Source: Journal of Psychiatric Practice - Category: Psychiatry Tags: Articles Source Type: research
A coalition of 41 states' attorneys general have served five major opioid manufacturers with subpoenas seeking information about how these companies marketed and sold prescription opioids. The coalition is also demanding documents and information related to distribution practices from three drug distributors. The investigative subpoenas and document requests were sent to pharmaceutical manufacturers Endo International, Janssen Pharmaceuticals, Teva Pharmaceutical Industries Ltd./Cephalon Inc. and Allergan. The group also served a supplemental investigative subpoena to Purdue Pharma. Documents were also requested of three ...
Source: Policy and Medicine - Category: American Health Authors: Source Type: blogs
Authors: Borenstein DG, Hassett AL, Pisetsky D Abstract The Pain Management Task Force of the American College of Rheumatology published a report in 2010 highlighting pain management as a fundamental aspect of clinical practice, training and research. In the interim, the consideration of pain as a focus of attention of rheumatologists and rheumatology health professionals has become even more challenging than in 2010 because of the epidemic of opiate addiction and overdose death. The characterisation of categories of pain by mechanism (e.g., inflammation, joint degeneration, abnormalities of central pain processing...
Source: Clinical and Experimental Rheumatology - Category: Rheumatology Tags: Clin Exp Rheumatol Source Type: research
In the last two decades, prescribing rates for opioids have increased nearly three-fold, from 76 million prescriptions in 1991 to approximately 207 million prescriptions in 2013.  This remarkable volume of opioid prescribing is unique to the United States, where 2015 prescribing amounts were nearly four times those in Europe.   Sadly, this much more frequent prescribing of addictive medications is connected to an epidemic of deaths related to abuse of opiates and other drugs of abuse.  Drug overdose deaths are now considered a national emergency, topping 59,000 in 2016.  The abuse of opioids can be...
Source: Health Affairs Blog - Category: Health Management Authors: Tags: Costs and Spending Insurance and Coverage Organization and Delivery Payment Policy opiods PBMs Source Type: blogs
In the midst of an opioid addiction epidemic, a new survey of Americans has found that most prefer to try a non-drug approach to treating their pain over taking medications prescribed by their doctor. The new report, part of the Gallup-Palmer College of Chiropractic Annual Study of Americans, surveyed about 6,300 adults. Nearly two thirds said that they had neck or back pain so great they sought a health care provider for relief, and 54% said they had neck or back pain for at least five years. Yet 78% said they preferred to try other ways to address their physical pain before taking drugs. Still, many Americans said they ...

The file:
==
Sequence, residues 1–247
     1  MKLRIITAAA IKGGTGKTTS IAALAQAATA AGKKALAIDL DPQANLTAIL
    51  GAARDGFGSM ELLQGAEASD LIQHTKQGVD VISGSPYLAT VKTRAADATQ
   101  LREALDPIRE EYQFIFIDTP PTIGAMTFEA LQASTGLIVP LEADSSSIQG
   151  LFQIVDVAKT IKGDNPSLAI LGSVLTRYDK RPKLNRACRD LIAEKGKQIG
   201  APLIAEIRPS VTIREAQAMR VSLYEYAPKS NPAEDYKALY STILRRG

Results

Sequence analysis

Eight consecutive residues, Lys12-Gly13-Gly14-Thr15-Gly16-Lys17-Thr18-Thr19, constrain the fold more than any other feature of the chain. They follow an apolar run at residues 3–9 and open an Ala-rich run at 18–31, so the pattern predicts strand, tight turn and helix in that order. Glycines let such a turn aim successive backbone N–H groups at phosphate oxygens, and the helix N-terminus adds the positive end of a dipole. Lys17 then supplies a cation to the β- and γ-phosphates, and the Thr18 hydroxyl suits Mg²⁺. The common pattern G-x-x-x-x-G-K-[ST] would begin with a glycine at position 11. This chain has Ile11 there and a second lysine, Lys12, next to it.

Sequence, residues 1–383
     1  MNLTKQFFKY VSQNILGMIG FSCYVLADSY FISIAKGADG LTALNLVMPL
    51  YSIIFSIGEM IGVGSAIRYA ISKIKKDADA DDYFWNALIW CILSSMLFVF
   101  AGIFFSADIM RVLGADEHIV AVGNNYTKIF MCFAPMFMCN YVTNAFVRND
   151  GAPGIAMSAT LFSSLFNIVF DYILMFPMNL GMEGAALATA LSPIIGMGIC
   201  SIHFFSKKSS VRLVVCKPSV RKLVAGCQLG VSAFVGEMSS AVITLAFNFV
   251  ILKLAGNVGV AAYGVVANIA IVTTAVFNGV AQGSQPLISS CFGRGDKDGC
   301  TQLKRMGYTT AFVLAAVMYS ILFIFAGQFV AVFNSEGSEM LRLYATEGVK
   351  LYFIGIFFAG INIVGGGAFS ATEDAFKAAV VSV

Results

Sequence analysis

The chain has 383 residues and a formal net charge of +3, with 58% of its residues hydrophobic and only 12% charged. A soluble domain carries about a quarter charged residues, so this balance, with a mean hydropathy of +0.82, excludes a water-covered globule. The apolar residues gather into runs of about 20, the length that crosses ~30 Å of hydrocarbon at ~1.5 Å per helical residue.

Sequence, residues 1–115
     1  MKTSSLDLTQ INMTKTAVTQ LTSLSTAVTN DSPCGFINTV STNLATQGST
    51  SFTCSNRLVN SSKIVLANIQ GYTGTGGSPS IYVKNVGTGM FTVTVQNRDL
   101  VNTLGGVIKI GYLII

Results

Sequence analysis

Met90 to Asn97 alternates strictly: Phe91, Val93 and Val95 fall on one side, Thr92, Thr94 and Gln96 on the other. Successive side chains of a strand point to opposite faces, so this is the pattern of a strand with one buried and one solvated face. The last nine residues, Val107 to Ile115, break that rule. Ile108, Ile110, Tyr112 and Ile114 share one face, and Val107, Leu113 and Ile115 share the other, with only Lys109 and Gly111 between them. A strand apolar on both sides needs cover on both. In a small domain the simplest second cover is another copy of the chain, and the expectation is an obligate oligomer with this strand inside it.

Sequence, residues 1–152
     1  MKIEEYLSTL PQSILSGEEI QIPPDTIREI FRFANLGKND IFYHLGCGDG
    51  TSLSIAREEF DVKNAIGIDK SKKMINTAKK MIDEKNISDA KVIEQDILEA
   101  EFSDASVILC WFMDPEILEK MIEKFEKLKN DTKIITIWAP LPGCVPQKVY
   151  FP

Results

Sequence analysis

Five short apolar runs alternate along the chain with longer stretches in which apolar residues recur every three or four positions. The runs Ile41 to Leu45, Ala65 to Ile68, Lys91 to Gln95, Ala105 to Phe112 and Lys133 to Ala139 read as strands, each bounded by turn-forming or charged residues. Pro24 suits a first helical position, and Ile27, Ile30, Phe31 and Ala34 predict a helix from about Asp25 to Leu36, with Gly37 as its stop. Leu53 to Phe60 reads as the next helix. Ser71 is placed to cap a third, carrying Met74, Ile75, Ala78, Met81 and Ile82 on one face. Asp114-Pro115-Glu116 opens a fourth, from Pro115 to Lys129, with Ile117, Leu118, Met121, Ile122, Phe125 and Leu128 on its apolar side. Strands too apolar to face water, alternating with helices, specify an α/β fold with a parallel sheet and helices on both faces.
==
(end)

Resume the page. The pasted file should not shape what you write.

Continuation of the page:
Source: TIME.com: Top Science and Health Stories - Category: Consumer Health News Authors: Tags: Uncategorized Addiction Back Pain back pain relief chronic pain Gallup Heroin how to treat back pain how to treat pain natural pain relief Opioid opioids pain killers prescription pain killers Source Type: news
ConclusionsOur current opioid prescription practice for postoperative pain management may exceed what patients need.
Source: International Urogynecology Journal - Category: OBGYN Source Type: research
In response to the growing heroin epidemic in the United States, the National Library of Medicine’s Specialized Information Services has created a portal to provide resources and information on prescribing, overdose, medication-assisted treatment, and recovery. According to the American Society of Addiction Medicine, addiction is defined as: “A primary, chronic disease of brain reward, motivation, memory and related circuitry. Dysfunction in these circuits leads to characteristic biological, psychological, social and spiritual manifestations. This is reflected in an individual pathologically pursuing reward an...
Source: Dragonfly - Category: Databases & Libraries Authors: Tags: News from NLM Public Health Source Type: news